- The Secret History – Donna Tartt – I HAVE WANTED TO READ THIS BOOK FOR YEARS. I got a copy secondhand last year but, honestly, have been put off slightly by its size (oi oi!). I tend to stick to books around the 300 page mark so The Secret History‘s hefty 600 pages is a bit intimidating for me. I started it on holiday a couple of months ago and am so far loving it. I love the characters and the build up so far, as well as the beautiful references to Classical literature, but I’ve still got a good 400 pages left to read!
- The Muse – Jessie Burton – Sorry, not sorry, The Miniaturist never appealed to me, but when I spotted Burton’s second novel I was intrigued. I have no idea what it’s about but for some reason this book called to me. Again, it’s a bit of a big one but I really want to try and get some longer books under my belt this year.
- The Versions of Us – Laura Barnett – I was supposed to read this book with my Book Club but I epically failed, only making it through a small portion of the novel. I love the concept of the book, which explores several alternate timelines of a single relationship, but found it slow going on my first read. Hopefully my second attempt is more successful.
- The First Fifteen Lives of Harry August – Claire North – Another Book Club failure. I was so excited to read this book but fell off after a couple hundred pages. I remember really enjoying it but, again, found the pace was slower than I’d like. It tells the story of Harry August, a man whose life restarts every time he dies. He relives his life with the memories of the previous one, studying different professions, dating different people and living in different places. It’s bit of a mysterious book to be honest and I suspect it was about to get really interesting just after I stopped reading it so I’m looking forward to having some of my questions answered in my reread.
- You Couldn’t Ignore Me If You Tried – Susannah Gora – This is something I received last year for my birthday and was one of my favourite gifts! It is a non fiction book that explores the films of John Hughes (The Breakfast Club, Pretty in Pink, et al). I’m really looking forward to getting my film criticism hat on once again, as I always loved dissecting films on my course at university. I’m sure this book will be really interesting, especially as a John Hughes lover.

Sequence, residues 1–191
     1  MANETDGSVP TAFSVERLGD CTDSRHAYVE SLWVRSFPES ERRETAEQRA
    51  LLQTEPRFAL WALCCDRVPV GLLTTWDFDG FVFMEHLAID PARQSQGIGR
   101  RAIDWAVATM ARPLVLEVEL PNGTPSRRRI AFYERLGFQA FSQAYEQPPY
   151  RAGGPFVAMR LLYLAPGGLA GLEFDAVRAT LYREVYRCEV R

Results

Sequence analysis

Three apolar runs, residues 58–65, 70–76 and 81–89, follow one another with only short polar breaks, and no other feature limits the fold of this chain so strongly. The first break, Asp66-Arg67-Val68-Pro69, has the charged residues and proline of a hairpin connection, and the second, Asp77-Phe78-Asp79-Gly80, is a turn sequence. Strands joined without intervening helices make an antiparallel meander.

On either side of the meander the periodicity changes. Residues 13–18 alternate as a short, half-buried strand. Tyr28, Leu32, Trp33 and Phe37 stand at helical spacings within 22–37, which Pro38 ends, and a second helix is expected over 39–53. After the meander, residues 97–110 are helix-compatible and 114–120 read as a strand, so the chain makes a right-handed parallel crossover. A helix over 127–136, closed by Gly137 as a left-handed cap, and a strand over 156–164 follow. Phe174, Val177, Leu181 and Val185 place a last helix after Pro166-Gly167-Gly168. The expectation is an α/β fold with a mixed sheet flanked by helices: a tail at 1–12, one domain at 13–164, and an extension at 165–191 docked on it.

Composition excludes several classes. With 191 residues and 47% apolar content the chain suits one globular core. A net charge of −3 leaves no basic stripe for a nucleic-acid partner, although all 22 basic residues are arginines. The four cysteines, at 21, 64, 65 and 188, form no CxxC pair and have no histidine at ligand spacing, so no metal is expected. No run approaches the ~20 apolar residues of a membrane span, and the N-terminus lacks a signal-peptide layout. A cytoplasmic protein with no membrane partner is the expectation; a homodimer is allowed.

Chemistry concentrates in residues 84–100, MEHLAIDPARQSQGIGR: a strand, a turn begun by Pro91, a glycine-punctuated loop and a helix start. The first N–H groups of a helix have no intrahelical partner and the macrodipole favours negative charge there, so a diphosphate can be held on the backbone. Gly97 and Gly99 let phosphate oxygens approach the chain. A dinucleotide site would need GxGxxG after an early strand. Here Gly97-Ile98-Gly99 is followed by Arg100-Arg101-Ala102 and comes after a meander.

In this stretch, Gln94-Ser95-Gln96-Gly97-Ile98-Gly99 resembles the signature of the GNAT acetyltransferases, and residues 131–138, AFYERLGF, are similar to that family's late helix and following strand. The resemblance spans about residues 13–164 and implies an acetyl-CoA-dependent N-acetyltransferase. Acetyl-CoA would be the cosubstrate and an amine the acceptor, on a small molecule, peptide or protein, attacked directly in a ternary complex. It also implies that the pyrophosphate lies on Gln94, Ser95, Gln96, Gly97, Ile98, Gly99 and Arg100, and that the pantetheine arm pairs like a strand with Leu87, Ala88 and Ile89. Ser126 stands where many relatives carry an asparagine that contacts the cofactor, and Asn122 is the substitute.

- Miss Peregrine’s Home for Peculiar Children – Ransom Riggs – Everyone seems to love this book but I’m yet to read it or see the film! In my job, I’m technically the Children’s Bookseller so I’m always feeling like I should be reading more books aimed at young people and this one is on the top of my list. I really love the way photographs have been incorporated into the book, it’s presented so well and feels really satisfying whenever I’ve had a little flick through. I can’t wait to see what this book is actually about having been quite confused by all the film-related stuff I’ve seen for it over the past year!
- The Princess Diaries – Carrie Fisher – I always think reading a memoir is a good idea. I always pick them up when I’m book shopping but, for some reason, most of them never properly get read. I read a bit of Carrie Fisher’s memoir at the start of 2017 but never finished it. I’m excited to hear all about her sordid affair with Harrison Ford. Carrie was #goals.
- Creativity, Inc. – Ed Catmull – I bought this book back when I still wanted to be a concept artist for animated films. Don’t get me wrong, I’d love to do something with my art, but I’m a little out of practice with my illustrations these days! Creativity, Inc. is the story of Pixar. I remember reading the first page online a couple of years ago before I immediately put the book in my cart. I love hearing about the creative process and how things (such as my favourite animated films) ended up getting made. Similarly to the John Hughes book, I think this book will really appeal to me in a more academic way.
So… there’s the list! I’d love to hear from you if you’ve set yourself any goals for the rest of this year – reading or otherwise!